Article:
AUG 04, 2017 5:38 AM PDT

What is a Chromosome, Anyway?


Some facts are taken for granted. In the case of genetics, we take for granted the knowledge that humans have 23 pairs of chromosomes, which encode everything from our appearance to our propensity for disease. But this knowledge wasn't always so well understood.

The story of the chromosome began in the 1800s with the invention of the microscope. This enabled scientists to peek inside cells, which sometimes revealed the presence of dense bodies. Further investigations revealed that these bodies took up stains, which led to the name "chromosome," from the Greek for color (chroma) and body (soma).

But while scientists observed these structures with the microscope, it wasn't until the early 1900s when the true nature and function of chromosomes came to light. By studying chromosome structures in fruit flies, Thomas Hunt Morgan linked inherited traits (gender and eye color) to chromosomes. This was the crucial piece of the puzzle that propelled researchers deeper into the study of genetics and inheritance, and how the chromosome was at the center of it all.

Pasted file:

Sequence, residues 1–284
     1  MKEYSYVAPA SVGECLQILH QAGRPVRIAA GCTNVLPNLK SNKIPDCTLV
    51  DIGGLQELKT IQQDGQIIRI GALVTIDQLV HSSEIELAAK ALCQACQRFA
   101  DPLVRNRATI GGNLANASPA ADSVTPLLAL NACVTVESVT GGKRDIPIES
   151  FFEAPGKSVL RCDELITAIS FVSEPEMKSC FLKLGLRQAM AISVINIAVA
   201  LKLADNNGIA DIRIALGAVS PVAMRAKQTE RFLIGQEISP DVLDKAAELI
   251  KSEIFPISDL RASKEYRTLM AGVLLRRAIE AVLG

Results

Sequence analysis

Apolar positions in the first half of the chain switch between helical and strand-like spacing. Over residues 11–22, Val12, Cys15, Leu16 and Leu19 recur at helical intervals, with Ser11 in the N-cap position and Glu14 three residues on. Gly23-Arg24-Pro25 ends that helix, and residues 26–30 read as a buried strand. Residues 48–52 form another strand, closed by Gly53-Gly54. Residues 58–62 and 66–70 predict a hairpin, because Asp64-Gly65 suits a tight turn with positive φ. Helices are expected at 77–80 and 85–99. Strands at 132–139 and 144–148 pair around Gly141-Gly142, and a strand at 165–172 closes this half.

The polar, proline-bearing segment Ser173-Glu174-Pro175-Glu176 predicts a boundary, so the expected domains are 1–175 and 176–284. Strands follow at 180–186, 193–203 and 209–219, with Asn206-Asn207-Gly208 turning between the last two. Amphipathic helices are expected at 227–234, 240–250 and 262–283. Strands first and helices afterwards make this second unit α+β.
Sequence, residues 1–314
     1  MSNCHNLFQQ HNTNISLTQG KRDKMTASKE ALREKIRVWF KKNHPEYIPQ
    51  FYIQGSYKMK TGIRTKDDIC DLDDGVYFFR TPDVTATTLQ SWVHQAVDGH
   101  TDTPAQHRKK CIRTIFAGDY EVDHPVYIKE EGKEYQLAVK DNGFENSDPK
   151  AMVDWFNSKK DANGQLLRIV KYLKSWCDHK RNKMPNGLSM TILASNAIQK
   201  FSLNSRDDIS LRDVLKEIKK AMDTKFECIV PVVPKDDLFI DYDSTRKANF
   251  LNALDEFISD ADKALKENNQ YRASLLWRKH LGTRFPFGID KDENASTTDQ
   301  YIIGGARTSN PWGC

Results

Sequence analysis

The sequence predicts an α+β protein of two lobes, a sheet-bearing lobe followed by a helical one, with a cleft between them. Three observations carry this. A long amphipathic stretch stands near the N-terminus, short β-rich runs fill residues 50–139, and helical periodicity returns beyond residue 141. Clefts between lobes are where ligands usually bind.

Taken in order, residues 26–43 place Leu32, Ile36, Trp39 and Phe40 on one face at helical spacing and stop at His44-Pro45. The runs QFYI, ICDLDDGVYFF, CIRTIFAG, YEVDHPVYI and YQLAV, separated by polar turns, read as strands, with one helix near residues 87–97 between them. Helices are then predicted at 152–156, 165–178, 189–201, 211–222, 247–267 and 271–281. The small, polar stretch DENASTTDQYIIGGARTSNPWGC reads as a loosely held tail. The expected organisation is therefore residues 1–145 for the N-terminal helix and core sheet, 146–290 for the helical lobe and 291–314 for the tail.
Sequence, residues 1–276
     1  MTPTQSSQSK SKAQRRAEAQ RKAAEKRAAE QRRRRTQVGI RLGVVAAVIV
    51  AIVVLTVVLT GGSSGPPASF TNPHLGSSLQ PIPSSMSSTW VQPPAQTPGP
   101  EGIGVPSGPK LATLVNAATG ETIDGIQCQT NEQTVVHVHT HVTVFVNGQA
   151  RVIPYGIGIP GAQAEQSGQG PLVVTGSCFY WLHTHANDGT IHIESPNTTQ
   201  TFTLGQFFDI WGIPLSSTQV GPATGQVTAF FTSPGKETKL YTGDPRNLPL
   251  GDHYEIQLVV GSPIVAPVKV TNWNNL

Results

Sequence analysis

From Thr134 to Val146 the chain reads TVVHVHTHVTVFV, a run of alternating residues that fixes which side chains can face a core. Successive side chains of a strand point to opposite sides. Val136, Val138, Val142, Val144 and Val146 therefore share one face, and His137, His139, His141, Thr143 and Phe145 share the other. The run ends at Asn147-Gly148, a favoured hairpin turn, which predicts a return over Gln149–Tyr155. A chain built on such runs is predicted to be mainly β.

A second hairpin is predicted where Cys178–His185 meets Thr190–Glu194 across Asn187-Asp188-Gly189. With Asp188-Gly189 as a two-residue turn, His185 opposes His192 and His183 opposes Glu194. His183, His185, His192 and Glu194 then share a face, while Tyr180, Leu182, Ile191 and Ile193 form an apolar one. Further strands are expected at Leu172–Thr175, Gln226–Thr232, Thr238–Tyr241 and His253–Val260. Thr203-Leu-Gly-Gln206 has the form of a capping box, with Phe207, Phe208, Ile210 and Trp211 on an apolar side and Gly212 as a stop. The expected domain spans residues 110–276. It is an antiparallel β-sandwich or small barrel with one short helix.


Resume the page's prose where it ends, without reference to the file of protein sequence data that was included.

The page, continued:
Today, we understand the chromosome as the packaged form of DNA. That is, chromosomes are made up of DNA that's wrapped, coiled, and condensed. This form allows cell division to take place without your genetic information ending in a tangled mess. To learn more about chromosomes, watch the video!
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About the Author
Doctorate (PhD)
I am a human geneticist, passionate about telling stories to make science more engaging and approachable. Find more of my writing at the Hopkins BioMedical Odyssey blog and at
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